We\'re fans of Toyotas, for the most part, but who invents their advertising?
|   Saturday, November 24, 2012
Unfortunately, a vehicle that has had a long history of reliability and durability has been going through its share of beatings by federal regulators as they have recalled – I think the with the latest recall that since 2008 they've recalled about 20 million for various problems:

Unintended acceleration
Unintended carpet stuffing under the accelerator
Issues with various engine and window pieces

Unfortunately, many of those problems led to deaths and injuries, including listening to the last horrific minutes of a California highway patrolman as he tries everything he can think of to slow his Avalon down.
It just keeps accelerating until it drives right off the road and takes much of the patrolman's family with it. This was one of the problems for which Toshiro Toyoda, president and CEO of the world's number one automaker stood in front of a group of automotive journalists like yours truly and for which he apologized.

He claimed the fix would be quick in coming. Well, maybe it has been and maybe it hasn't, however, today's recall involves about 2 million Camry and Corolla models over the course of the last decade and a problem with a relay in the window wiring that, if it overheats, could cause a fire which could result in the door catching fire and so on. It isn't a pretty picture. So, how does Toyota's "crack PR machine (???)" respond? They respond with a series of some of the most inane ads that it has been our misfortune to see over the last several years.

Today's ads are a far cry from the ads that touted the reliability and roadability of the Corolla and Camry that said to the effect: "since (1985 or 1990 or 1995) 85 or 90 percent of all Corollas and Camrys built are still on the road. That's quite some statistic and attests to the fact that Toyota used to know how to build reliable vehicles (we suspect they are still reliable and Toyota has, to its credit, owned up to and taken responsibility for fixing all problems), but, the new crop of ads that is meant to point out just how good the new Toyotas are just totally inane.

Now, we don't doubt that the couple in the first ad are very happily married and very happy with their choice of the Corolla SR1 they purchased, but, did they have to make a young woman, who is obviously a nice person, look like an idiot when she said the car felt "grounded to the ground."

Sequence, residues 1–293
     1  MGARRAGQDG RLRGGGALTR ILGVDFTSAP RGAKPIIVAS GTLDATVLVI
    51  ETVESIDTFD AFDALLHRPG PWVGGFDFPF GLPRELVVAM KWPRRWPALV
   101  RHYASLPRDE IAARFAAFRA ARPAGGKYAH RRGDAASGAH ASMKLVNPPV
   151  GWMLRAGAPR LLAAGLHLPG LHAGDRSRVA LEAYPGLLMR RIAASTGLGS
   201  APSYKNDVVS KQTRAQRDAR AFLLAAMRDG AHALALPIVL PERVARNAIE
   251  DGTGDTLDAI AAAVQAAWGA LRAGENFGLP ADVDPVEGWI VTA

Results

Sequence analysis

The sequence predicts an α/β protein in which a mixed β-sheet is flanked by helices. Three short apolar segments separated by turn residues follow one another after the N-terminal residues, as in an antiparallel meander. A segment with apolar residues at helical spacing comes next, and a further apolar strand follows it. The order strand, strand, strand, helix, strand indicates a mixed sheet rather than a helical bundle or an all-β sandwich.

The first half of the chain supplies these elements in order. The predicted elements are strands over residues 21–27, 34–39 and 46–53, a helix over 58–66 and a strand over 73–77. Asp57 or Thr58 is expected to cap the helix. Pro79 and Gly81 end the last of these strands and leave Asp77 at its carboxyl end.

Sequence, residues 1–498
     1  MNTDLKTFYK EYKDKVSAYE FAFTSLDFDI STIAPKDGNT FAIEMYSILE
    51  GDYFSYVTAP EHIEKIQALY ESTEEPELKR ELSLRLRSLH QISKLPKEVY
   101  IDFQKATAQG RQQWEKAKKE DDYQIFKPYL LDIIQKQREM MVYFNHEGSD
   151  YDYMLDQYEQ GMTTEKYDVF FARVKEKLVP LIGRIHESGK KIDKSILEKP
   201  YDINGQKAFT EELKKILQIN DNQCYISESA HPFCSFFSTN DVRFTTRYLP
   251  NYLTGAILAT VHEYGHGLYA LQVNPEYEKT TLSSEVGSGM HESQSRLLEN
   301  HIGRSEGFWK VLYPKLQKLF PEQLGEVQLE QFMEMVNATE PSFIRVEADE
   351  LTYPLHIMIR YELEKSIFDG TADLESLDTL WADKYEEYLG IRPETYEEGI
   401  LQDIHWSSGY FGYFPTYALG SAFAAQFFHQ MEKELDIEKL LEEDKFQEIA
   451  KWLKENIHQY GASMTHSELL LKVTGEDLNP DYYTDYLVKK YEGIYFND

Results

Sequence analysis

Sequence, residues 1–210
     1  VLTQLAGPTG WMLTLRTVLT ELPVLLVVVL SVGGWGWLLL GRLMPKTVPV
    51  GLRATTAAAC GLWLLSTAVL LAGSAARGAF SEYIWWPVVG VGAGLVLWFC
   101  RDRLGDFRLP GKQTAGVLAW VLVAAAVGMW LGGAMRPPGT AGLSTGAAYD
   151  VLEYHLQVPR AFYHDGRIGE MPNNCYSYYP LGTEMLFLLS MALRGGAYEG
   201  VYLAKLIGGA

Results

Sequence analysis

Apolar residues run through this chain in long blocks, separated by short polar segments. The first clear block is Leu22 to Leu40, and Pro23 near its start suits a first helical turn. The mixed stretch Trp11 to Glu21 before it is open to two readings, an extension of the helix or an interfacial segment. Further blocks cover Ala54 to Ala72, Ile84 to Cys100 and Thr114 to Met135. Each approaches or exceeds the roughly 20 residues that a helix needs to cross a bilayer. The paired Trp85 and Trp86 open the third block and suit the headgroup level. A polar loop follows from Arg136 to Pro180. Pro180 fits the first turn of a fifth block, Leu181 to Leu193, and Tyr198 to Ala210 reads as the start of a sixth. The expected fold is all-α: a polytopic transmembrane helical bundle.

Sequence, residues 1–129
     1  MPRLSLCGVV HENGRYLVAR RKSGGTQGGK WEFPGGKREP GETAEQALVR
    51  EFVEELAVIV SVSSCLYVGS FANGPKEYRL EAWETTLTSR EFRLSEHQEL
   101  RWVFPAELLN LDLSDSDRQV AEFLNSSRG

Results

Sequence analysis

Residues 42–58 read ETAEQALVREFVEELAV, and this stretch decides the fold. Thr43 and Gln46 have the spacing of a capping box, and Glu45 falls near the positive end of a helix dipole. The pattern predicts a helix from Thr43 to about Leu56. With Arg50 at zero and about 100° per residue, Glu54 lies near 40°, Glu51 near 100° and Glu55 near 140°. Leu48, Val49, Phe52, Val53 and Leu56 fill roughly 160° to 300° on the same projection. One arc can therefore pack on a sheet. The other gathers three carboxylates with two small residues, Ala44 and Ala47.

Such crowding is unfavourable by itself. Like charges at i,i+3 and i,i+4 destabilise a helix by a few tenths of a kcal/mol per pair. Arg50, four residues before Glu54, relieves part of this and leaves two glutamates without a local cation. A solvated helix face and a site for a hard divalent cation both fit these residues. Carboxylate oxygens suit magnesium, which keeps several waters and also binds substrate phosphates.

Just what does that even mean? What would have happened if she had said, if felt "grounded to the sidewalk?" Or how about, it felt "grounded to the trees!" That would have been a feat if it were.

We suspect that like the test cars we have driven the person in the commercial simply means that through turns and corners the Corolla handles things with aplomb, taking a straight line through a turn or corner with very little body roll or lean and with lots of comfort. That's what we found the last time we drove one as we also found one of the most ergonomically correct (it was people friendly) vehicles on the road with plenty of support from the seats, excellent response from the 1.6-liter-class four and the like. It was easy to find a comfortable driving position behind the steering wheel in the driver's seat and the display and controls were easy to access and use.

But, "grounded to the ground," come one guys, that was just not cool, however, since we know that most of the new crop of PR people at Toyota have likely been graduates of the Edna St. Vincent Millay school of writing and public relations because they all passed the tests they found online that said they were good candidates for the school and they forked over their hard-earned cash to make it in the wonderful world of PR and advertising, we can't begrudge them the fact that they should really plan to keep their day jobs at Kohl's or Wal-Mart because we don't think their future is long for this business (look at the Buick Cerrano ad and note the difference; it's professional, the Toyota looks like it was shot with the latest in last year's technology).

We wish we were kidding, but we're not. In the same commercial, the husband said such memorable lines as "guys are attracted by the wheels and sleek lines." Well, with the number of wheel and tire options available, it's a given that there's something out there for every buyer and that not every man or young man who buys a Corolla is motivated by the wheels and tires (I hope the husband does know the wheel is the center metal thingie with the rubber tire running around it). And, the comment about lines just stands for itself.

At least, the newer ad for the Camry starring a young African-American woman is a lot more real and honest. She's in it for the features and she admits it.

Frankly, Toyota needs to get its advertising back on course and stop using inanities like "grounded to the ground!" A Corolla can't be "grounded to the air" can it?

So, you just have to wonder why on earth Toyota would hire a company to design and shoot such advertising campaigns. All we can come up with is that someone owed someone something or someone's brother-in-law needed the work. The bottom line is we'll never know, but it is time for them to be banished to the "Land of the Lost."
PHOTO GALLERY
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